Israelis celebrate independence, Palestinians mourn deaths
JERUSALEM (CNN) -- Israelis lit bonfires and fireworks on Thursday, marking the 53rd anniversary of the founding of Israel.
Israel's Independence Day began at sundown on Wednesday, after a day of mourning for Israeli soldiers who have died since the state was created.
With fireworks sparkling and outdoor concerts ringing through the night air, Israeli troops kept the West Bank and Gaza sealed off until Friday in an effort to prevent Palestinian attacks.
Israel declared itself an independent state in May 1948, and Palestinians fled their homes in what became Israeli territory, launching a conflict that has continued for more than half a century.
While the celebrations continued on Thursday, Palestinians near Rafah in Gaza gathered for the funeral of four of their own, who died when a bomb exploded a day earlier.
A Palestinian police commander blamed the deaths on Palestinians working for the Israeli intelligence service. A spokesman for the Palestinian Popular Resistance Group, however, said Israeli forces ambushed three of its members as they were about to carry out a bomb attack.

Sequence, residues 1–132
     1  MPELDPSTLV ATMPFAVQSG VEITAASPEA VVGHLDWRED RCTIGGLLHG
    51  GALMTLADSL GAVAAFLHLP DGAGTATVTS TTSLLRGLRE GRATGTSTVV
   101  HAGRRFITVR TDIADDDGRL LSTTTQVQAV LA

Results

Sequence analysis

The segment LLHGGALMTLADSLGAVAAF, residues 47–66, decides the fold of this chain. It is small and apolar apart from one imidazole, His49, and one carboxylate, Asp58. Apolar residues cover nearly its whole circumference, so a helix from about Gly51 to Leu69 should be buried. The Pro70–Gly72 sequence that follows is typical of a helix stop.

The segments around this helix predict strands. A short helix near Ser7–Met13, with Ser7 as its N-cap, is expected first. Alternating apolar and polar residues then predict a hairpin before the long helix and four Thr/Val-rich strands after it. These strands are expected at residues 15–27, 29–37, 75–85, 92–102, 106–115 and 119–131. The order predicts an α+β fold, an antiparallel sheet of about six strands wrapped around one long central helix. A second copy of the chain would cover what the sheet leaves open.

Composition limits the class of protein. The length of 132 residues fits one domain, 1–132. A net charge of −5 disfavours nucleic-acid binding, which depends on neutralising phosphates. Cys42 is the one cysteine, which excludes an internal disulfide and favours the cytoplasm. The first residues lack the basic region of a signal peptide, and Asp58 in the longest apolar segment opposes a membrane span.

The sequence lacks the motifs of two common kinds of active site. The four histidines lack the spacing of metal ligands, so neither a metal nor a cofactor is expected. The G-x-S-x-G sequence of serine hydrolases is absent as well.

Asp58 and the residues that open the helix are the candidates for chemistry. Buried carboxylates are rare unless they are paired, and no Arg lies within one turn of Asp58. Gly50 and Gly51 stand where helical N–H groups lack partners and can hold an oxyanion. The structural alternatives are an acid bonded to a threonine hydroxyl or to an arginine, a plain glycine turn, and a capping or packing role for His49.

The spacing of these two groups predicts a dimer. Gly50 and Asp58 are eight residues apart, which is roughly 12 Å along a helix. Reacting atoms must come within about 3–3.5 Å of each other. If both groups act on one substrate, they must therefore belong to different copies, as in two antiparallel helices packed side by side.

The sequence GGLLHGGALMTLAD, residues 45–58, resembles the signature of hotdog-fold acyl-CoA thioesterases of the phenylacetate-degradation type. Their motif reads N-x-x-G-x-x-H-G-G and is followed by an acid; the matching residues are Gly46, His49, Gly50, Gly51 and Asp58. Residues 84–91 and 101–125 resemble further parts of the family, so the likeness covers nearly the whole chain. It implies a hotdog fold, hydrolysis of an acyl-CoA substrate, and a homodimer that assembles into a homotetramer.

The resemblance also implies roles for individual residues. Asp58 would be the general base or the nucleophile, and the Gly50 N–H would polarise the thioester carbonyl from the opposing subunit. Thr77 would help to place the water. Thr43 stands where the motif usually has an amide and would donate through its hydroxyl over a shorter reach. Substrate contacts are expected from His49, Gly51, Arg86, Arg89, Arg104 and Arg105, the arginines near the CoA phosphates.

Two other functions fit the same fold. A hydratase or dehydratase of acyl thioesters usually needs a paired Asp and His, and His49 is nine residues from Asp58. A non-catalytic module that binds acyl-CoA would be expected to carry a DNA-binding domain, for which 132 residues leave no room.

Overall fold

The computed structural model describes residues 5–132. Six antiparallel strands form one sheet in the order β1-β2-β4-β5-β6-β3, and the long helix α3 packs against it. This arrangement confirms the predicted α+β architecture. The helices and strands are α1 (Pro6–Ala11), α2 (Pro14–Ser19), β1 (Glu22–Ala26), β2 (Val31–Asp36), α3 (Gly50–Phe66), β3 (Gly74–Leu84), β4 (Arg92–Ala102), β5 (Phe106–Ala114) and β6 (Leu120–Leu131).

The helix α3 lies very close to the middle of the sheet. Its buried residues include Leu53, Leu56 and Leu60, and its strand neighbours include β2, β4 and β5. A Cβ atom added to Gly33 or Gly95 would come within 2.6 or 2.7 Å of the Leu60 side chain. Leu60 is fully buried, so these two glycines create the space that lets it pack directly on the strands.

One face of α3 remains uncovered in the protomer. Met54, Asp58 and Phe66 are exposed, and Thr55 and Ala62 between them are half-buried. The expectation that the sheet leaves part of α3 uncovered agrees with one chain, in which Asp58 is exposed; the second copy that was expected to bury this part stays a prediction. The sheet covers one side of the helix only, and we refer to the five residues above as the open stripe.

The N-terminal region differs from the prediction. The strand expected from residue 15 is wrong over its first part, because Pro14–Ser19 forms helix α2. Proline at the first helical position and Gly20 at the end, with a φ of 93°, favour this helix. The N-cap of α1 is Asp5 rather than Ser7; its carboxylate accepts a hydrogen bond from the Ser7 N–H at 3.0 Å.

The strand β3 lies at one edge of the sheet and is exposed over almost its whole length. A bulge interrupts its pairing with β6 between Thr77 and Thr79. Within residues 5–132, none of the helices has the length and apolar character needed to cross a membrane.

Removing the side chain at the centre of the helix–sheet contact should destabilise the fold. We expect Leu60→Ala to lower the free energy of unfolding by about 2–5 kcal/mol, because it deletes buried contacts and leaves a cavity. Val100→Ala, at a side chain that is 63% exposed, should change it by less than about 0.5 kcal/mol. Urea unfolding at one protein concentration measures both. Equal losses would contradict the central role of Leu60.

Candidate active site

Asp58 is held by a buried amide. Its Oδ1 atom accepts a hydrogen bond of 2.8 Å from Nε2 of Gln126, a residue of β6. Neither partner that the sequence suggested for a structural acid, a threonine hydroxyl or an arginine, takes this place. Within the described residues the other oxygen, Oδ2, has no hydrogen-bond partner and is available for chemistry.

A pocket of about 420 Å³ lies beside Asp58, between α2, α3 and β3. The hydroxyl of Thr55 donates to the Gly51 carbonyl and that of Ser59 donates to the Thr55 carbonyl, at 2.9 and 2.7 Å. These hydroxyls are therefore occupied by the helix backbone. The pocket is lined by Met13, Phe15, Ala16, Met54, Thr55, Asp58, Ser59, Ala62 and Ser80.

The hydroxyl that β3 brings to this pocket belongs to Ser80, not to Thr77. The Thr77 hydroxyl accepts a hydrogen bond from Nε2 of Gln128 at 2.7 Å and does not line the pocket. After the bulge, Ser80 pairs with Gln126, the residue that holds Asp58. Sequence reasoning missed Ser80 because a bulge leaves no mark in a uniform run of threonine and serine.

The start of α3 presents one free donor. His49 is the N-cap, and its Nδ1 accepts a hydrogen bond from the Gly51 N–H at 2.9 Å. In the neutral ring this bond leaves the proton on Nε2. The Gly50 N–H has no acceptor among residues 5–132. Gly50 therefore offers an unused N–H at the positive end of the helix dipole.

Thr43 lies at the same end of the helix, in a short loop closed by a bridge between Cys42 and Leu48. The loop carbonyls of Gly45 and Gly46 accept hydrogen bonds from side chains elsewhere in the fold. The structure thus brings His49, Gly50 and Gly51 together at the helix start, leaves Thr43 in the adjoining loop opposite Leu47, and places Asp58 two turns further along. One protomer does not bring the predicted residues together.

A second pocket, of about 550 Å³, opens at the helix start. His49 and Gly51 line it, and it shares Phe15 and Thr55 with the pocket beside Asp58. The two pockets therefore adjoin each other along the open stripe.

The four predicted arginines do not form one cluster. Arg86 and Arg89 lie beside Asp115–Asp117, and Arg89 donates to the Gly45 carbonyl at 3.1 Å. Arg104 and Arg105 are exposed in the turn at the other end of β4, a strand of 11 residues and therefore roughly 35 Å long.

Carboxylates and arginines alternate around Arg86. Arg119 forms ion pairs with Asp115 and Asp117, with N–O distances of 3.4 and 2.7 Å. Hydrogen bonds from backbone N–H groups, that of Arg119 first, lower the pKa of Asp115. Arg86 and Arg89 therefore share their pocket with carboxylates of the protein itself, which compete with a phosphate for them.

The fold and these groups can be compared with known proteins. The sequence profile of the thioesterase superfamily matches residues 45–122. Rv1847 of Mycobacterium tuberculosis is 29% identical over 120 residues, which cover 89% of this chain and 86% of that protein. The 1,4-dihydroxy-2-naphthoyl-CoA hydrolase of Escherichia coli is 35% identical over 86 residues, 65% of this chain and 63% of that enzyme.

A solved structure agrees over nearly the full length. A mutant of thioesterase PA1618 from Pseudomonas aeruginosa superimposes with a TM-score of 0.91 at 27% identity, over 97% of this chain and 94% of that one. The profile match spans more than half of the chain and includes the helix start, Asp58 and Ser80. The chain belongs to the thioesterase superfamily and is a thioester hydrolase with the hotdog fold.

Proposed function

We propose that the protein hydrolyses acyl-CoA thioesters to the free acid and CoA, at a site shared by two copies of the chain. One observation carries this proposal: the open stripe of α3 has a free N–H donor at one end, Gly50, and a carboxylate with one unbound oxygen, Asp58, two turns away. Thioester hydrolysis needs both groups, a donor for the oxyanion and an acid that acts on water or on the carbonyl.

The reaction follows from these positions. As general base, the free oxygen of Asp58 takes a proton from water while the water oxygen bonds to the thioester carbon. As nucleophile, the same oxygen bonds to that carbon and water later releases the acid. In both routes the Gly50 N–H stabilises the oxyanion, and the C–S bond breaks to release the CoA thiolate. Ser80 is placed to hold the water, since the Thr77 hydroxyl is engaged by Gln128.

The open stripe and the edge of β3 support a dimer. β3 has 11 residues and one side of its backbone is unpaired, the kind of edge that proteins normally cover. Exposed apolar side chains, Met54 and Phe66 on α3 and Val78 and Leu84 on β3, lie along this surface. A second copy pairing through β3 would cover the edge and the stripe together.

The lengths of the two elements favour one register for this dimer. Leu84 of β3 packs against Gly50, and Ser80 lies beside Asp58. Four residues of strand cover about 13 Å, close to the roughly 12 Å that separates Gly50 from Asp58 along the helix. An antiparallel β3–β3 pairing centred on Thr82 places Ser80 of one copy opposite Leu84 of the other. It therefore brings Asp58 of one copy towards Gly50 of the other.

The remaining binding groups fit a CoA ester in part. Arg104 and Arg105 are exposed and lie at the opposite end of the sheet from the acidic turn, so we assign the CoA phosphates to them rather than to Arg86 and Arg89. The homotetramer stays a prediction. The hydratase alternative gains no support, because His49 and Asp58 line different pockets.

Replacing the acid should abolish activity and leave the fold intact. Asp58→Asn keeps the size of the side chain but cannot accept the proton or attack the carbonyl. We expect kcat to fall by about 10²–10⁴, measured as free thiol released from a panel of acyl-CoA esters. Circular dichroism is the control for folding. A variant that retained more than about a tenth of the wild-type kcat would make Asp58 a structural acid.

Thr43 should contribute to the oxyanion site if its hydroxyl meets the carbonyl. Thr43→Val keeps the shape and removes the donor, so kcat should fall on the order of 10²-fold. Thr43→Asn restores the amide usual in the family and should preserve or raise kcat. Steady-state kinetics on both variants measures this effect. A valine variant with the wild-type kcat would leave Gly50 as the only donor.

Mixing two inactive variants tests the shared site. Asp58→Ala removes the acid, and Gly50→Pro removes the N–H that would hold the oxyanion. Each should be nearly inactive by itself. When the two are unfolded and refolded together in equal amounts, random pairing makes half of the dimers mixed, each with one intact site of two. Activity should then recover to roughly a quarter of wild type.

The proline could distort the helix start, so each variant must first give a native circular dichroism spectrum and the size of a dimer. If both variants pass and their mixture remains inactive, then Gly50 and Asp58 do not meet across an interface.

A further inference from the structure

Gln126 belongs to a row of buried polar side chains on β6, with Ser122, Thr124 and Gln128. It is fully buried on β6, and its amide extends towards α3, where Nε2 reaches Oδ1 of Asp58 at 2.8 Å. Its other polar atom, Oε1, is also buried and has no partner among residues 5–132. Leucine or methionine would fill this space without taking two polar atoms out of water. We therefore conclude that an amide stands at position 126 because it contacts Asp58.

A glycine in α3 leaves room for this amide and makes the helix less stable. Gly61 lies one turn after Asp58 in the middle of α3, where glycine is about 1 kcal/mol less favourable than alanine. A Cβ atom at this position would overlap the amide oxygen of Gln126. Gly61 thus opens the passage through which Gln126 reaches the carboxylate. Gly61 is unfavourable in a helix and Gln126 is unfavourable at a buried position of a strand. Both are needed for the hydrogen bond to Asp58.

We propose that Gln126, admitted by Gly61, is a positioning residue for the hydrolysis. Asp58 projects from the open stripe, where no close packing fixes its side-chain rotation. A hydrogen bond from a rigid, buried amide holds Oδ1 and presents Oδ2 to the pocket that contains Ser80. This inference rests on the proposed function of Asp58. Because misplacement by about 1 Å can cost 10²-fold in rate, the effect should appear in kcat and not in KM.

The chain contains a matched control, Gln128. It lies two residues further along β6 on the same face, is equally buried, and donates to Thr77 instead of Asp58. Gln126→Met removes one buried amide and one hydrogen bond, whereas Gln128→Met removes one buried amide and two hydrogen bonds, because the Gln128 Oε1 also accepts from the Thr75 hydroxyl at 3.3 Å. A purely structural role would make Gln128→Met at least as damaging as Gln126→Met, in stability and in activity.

The Israeli army said it knew nothing about the incident.
Peres coming to Washington
The bombing occurred as a U.S. administration official expressed guarded optimism that the Israelis and Palestinians could be "beginning to turn a corner" in ending their seven months of violent clashes.
Next week, Israeli Foreign Minister Shimon Peres plans to travel to Washington to meet with the Bush administration. U.S. officials said the purpose of Peres' trip was to discuss an Egyptian-Jordanian plan to try to end the violence.
U.S. officials told CNN that talk of appointing a Middle East envoy is speculation. They said such a move is not likely to take place for at least several months. Among those who may be considered for the job are Richard Haass, the director of the State Department Bureau of Policy Planning, the officials said.
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